By Paul Gilmour
Last Updated: 10/04/20 9:10pm
Brighton goalkeeper Mat Ryan says he is trying to stay “productive and positive” as he spends two weeks self-isolating in a Sydney hotel room.
The Australian decided to return to his family amid the coronavirus pandemic but, under strict government regulations, has been forced into quarantine before he can see them.
He is not allowed outside and can only open the door to collect food, but the international has quickly settled into a routine, is improvising with his suitcases to keep fit, and says the Brighton WhatsApp group is still keeping him entertained.
“I get up in the morning, have breakfast, do a workout,” he said. “After that it’s a chat to friends, lunch, chill in the afternoon with a TV series before another workout, dinner and filling the gaps (by) speaking to friends and family.
“There’s not too much space. Improvisation and creativity can be a skill. Some national-team friends picked up training gear for me. I’ve got an exercise ball and some bands. I’ve been improvising with some suitcases as weights!
“With football being off it was a no brainier to come back home and be close to my family. I live alone in England so would have been sitting around wondering what was going to happen.
“I’d have to get government permission to leave once the time is right to return to the UK. I’ve been told I’ll be able to get on a plane if needs be.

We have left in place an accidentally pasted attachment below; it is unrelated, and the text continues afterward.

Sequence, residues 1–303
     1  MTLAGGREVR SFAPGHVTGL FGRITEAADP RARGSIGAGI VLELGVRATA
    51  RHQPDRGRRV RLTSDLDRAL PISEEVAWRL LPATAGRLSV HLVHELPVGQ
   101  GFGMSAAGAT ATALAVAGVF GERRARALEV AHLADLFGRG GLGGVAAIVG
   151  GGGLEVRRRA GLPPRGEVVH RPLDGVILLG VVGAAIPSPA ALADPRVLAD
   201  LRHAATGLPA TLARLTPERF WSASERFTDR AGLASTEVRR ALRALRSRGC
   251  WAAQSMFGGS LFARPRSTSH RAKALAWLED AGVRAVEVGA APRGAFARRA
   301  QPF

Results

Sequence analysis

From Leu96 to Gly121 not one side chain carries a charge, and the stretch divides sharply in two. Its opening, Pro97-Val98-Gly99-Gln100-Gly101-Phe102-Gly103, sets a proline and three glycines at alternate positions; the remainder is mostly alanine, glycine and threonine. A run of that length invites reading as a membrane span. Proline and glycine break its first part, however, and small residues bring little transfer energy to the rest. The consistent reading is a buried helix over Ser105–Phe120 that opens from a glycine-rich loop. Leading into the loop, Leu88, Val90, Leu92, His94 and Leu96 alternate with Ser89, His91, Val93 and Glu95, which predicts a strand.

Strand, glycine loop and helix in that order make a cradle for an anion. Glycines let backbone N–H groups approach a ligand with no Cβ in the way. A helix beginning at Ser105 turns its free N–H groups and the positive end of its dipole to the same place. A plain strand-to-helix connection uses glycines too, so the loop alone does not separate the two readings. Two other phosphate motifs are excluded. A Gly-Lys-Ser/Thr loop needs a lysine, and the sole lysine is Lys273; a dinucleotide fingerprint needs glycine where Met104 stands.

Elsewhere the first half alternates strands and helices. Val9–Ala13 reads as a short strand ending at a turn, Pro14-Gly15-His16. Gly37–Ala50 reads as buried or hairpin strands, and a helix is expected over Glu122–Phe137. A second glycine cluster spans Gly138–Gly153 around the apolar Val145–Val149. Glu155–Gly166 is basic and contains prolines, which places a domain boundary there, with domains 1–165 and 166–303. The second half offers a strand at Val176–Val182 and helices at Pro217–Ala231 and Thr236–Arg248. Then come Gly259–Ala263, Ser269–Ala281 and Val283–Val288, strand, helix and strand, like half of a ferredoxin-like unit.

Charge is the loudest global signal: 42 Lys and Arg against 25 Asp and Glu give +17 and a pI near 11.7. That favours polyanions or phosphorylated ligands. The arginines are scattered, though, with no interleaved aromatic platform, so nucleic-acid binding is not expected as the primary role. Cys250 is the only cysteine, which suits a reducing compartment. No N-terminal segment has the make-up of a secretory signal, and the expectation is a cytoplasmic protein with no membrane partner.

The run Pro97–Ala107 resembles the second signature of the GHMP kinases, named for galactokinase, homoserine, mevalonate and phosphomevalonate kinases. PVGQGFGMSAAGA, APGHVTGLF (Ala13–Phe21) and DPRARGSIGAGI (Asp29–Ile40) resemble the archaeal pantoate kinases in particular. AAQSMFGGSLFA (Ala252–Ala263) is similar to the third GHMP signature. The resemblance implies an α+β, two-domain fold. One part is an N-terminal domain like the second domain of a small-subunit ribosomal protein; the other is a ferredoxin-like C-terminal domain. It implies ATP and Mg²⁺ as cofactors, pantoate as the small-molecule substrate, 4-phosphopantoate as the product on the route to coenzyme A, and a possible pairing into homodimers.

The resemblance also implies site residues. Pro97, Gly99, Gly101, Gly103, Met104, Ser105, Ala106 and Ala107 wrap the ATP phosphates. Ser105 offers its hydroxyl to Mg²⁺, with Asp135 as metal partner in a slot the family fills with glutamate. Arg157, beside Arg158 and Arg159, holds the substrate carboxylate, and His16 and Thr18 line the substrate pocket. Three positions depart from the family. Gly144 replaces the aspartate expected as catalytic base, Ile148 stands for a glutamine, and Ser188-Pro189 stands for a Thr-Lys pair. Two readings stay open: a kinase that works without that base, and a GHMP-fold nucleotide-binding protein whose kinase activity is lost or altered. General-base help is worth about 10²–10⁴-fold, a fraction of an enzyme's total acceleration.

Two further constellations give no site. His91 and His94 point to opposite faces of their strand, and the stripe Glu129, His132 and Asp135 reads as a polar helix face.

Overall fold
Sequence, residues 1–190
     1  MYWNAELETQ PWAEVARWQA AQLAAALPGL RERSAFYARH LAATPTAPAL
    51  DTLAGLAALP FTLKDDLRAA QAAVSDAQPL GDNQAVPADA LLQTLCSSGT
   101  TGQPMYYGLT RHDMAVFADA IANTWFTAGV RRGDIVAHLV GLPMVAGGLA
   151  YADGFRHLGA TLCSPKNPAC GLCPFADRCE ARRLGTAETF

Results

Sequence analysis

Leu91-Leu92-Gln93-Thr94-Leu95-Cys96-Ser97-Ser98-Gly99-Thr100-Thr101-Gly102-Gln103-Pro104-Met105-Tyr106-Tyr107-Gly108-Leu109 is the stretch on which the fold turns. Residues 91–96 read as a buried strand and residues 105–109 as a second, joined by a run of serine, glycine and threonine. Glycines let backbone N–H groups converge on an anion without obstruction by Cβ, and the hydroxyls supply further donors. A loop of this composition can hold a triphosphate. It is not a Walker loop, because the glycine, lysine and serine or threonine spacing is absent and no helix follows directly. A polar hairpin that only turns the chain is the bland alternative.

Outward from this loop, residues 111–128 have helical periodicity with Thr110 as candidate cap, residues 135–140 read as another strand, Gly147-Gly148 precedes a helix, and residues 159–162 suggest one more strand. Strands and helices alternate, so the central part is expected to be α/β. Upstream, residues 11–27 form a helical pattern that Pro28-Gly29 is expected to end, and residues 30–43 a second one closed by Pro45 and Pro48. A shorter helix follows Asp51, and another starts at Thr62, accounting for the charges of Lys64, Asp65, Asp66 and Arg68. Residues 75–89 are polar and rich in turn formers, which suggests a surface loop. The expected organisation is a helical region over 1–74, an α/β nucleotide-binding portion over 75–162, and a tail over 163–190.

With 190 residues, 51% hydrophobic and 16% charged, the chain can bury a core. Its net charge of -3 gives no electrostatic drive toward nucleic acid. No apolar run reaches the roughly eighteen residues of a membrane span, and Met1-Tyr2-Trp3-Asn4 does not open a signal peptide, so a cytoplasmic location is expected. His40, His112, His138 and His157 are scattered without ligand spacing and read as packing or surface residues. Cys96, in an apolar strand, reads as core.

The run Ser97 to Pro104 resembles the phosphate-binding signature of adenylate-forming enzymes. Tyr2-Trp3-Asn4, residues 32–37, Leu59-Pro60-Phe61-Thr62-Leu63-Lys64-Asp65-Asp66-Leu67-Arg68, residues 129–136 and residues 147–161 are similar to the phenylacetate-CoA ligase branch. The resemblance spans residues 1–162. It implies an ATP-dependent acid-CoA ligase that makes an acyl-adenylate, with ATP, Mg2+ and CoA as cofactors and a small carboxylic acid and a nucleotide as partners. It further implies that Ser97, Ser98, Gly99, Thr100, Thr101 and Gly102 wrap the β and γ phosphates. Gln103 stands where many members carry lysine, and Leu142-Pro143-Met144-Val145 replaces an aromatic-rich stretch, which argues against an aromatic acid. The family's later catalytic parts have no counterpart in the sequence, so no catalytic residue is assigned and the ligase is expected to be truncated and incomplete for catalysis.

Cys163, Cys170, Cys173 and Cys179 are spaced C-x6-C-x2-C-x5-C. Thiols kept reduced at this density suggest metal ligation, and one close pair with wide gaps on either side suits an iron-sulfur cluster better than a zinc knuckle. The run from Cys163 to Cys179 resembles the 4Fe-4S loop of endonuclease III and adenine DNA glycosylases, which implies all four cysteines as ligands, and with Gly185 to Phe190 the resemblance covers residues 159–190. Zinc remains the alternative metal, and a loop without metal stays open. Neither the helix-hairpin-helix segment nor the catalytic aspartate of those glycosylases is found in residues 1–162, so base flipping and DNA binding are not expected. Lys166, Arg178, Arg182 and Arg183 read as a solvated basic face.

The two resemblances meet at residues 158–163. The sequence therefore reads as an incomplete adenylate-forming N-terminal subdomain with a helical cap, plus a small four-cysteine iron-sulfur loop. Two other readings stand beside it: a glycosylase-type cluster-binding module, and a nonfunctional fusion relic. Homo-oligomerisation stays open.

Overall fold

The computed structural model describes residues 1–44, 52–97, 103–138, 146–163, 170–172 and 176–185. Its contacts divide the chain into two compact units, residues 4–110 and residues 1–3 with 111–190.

“It depends if airlines are flying but I don’t think it’ll be an issue. Airlines coming back would likely coincide with football coming back. We’ll get a few weeks’ notice for when the season gets back up and running, if it does.
“We have a WhatsApp group (for the Brighton players) and sometimes when I’ve woken up there have been 100 plus messages. Catching up with those kills a bit more time!”
This week Premier League players launched a fund for NHS charities called #PlayersTogether, which will generate and distribute funds quickly and efficiently to where they are needed most.
And his club have also been active in supporting charities and the vulnerable, especially in the local community.
“We obviously want to help like everyone else in the world,” he said. “We’ve taken steps to create this (#PlayersTogether) fund and it provides support to those affected. They’re working tirelessly and they need all the help they can get.
“Brighton have always shown empathy and support to the public. Even with myself and the bush fires (in Australia), our chairman Tony Bloom matched the donation that Aaron (Mooy) and I made.
“Those acts of solidarity are what gives Brighton, the directors and club itself the reputation of being an outstanding Premier League club. The community gets behind us and I think everyone sees it as a no brainier to help them. We’re all one down here and look after one another.”